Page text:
Bevo feels he was exploited, and for twenty-some years he and Newt didn’t talk.

AS: At the time of this story, a dark cloud was hanging over college basketball with the betting scandals of 1951. Did Bevo Francis save the sport?

KK: That’s the part of the story that interested me the most. The country was very distrustful at that time. We had the Communist scare with McCarthyism, it was the beginning of the Cold War, we were fighting in Korea. College basketball mirrored the mood of the country.

Absolutely, Bevo Francis will not just be remembered as a guy who set a flock of records. He rescued Rio Grande, a tiny school with only 94 students that now gives 4,000 students the opportunity to get a college education. The team lay the gritty gravel sub-base that is the road to the Final Four. Interest in college basketball was reeling and this story saved college basketball.

Alex Severance, who once coached Villanova, said that Bevo Francis and Rio Grande were to college hoops what Ruth and Gehrig were to baseball after the [1919 Chicago] Black Sox scandal.

AS: People seem to love guys who break scoring records and Bevo’s record of 113 points in one college game is a record that still stands. Did the book gain any momentum when J.J. Redick took over the ACC scoring title this year?

KK: It’s kind of funny; when Kobe [Bryant] scored all his points I got a lot of calls about that. But Bevo’s story is mostly compared to Wilt Chamberlin’s scoring record. Bevo won’t be remembered as the guy who scored all those points, but for the thousands of kids who are getting an education at Rio Grande. When Newt Oliver came to the school and told his team that they’d be playing at Madison Square Garden, the players all thought he was stark raving mad. But they bought into it. And they did play at the Garden. This school of only 94 kids playing bigger teams like N.C. State, Miami, and Creighton showed America that if you believe in yourself, you can do anything.

AS: What’s Bevo Francis up to now?

KK: Fishing, enjoying his children and his grandchildren. He lives in the same house that he bought with his Globetrotters money. (In 1954, Francis signed with the Boston Whirlwinds, one of the Globetrotters’ foil teams.)

AS: Did he enjoy the book and all the attention his story has been getting as a result?

KK: Bevo doesn’t like publicity. He’d rather have root canal without anesthesia. It’s his life, and these were not pleasant memories for him. Bevo Francis was not treated well by basketball. It didn’t make him rich, but many will say that he enriched basketball.

For more information about Kyle Kiederling and Shooting Star: The Bevo Francis Story, visit www.bevofrancis.com.

     

National Championship

by - Published April 4, 2006 in Newswire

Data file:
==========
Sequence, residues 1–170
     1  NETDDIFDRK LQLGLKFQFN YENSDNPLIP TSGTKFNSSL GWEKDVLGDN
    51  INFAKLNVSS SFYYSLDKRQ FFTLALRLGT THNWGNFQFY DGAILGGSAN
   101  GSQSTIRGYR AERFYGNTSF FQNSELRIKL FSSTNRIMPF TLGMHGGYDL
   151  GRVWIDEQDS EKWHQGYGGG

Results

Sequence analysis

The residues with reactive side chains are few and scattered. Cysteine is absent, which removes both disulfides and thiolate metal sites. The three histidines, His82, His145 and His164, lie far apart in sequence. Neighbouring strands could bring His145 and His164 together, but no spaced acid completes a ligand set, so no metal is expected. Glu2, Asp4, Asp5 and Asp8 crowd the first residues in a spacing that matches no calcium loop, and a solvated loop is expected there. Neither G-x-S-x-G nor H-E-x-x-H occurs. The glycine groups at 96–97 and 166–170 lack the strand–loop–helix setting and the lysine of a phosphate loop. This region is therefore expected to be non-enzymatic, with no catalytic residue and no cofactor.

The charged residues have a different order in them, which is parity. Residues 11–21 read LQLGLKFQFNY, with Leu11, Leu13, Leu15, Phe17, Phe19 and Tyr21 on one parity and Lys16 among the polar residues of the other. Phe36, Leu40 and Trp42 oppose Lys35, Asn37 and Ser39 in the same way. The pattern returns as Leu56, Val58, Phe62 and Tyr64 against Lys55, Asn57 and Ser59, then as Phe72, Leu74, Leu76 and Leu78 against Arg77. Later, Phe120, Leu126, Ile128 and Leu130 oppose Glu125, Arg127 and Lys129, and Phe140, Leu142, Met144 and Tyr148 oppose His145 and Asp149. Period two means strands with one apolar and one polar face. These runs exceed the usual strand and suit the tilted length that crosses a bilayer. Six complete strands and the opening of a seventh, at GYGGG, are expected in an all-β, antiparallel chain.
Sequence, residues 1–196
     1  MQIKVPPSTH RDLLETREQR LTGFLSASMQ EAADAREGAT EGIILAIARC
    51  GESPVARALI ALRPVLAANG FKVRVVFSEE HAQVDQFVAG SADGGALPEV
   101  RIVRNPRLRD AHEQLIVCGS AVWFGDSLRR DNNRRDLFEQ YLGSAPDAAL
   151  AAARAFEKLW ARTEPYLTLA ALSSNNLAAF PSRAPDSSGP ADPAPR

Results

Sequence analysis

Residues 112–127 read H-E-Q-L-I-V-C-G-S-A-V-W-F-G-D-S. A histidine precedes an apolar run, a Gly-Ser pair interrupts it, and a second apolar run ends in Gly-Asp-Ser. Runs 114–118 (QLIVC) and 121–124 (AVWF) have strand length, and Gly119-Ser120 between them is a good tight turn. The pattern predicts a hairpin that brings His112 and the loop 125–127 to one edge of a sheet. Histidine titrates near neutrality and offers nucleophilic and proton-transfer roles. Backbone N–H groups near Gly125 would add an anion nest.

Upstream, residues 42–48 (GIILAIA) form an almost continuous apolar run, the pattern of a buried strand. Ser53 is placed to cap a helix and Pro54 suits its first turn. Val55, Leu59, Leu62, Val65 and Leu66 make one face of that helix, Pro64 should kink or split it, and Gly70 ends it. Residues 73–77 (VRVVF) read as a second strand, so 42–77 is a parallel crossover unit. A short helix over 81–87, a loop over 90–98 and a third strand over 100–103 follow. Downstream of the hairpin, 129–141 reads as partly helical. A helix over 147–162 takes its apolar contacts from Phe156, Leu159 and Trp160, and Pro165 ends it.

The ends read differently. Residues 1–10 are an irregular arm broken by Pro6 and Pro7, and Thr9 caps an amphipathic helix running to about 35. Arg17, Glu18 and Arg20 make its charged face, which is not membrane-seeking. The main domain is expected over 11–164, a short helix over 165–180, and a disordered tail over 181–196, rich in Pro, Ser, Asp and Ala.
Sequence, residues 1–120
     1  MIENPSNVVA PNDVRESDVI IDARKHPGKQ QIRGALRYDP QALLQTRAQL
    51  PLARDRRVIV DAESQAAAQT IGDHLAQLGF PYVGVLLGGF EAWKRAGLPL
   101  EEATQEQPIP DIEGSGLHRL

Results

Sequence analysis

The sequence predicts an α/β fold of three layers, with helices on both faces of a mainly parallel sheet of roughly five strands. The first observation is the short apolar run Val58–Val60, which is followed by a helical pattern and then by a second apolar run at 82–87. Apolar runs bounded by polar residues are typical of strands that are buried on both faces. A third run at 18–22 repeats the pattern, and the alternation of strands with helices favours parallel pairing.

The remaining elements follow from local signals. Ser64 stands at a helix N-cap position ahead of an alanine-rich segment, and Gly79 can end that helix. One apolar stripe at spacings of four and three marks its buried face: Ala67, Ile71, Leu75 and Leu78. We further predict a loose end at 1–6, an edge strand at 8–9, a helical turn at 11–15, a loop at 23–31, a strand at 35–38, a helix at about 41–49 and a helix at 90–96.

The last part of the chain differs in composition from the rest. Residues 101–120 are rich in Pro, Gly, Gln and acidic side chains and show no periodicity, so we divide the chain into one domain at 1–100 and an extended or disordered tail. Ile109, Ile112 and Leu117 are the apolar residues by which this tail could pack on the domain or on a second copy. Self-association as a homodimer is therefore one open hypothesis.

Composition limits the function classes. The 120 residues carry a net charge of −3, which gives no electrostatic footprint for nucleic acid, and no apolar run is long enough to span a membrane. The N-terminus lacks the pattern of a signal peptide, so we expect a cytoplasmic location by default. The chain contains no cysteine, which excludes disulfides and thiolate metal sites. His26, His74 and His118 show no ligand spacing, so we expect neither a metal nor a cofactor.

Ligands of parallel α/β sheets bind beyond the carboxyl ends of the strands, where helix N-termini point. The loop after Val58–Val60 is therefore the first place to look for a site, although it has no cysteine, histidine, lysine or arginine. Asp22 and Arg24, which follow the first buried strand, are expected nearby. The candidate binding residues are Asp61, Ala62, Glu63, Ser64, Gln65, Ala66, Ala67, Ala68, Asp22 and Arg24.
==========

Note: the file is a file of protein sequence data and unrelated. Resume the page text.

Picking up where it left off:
National Championship: No. 3 Florida completed a dominant run to the school’s first national championship with a 73-57 victory against No. 2 UCLA. The Gators took the lead early in the first half and never trailed after the Bruins opened a 4-2 lead. By halftime, Florida had stretched the lead to 11, and the Gators pushed it to 20 a couple of times in the second half. The Bruins’ defense could not contain the combination of size and athleticism of Joakim Noah, Al Horford and Corey Brewer. The three forwards combined for 41 points.

Noah was all over the court for the entire game, serving up a record seven blocks. He finished with 16 points and eight rebounds, and his impact extended well beyond the stat sheet. When the Bruins pressed to force turnovers, Noah helped the Gators initiate fast breaks that more often that not resulted in easy dunks. The well-prepared Gators committed only six turnovers against a team that had frustrated opponents throughout the NCAA Tournament. Florida was the first UCLA opponent to hit 60 points in the tournament. Florida flew past the mark en route to 73.

In the losing effort, only Jordan Farmar was able to crack Florida’s defense, scoring a team-high 18 points. But he was only 8-of-21 from the field. The Bruins’ two other stars — Arron Afflalo and Luc Richard Mbah a Moute — struggled throughout the game, finishing with 16 points combined. As a team, the Bruins hit only 36 percent of their shots, though Florida’s extended, tenacious defense was the cause for that statistic. The championship loss drops the Bruins to an 11-2 record in 13 championship game appearances. The Gators won their first ever championship in the team’s second try. Coach Billy Donovan led the Gators to the championship in 2000 when Michigan State and Mateen Cleaves beat the upstart Gators. [4/03/06]